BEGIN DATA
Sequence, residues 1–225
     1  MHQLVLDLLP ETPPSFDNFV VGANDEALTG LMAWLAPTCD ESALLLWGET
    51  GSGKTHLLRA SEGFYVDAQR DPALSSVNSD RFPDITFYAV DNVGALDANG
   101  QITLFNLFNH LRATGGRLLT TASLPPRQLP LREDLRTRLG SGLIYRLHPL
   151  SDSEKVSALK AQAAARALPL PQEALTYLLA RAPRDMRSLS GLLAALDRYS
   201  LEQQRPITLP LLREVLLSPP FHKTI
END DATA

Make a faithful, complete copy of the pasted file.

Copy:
Sequence, residues 1–225
     1  MHQLVLDLLP ETPPSFDNFV VGANDEALTG LMAWLAPTCD ESALLLWGET
    51  GSGKTHLLRA SEGFYVDAQR DPALSSVNSD RFPDITFYAV DNVGALDANG
   101  QITLFNLFNH LRATGGRLLT TASLPPRQLP LREDLRTRLG SGLIYRLHPL
   151  SDSEKVSALK AQAAARALPL PQEALTYLLA RAPRDMRSLS GLLAALDRYS
   201  LEQQRPITLP LLREVLLSPP FHKTI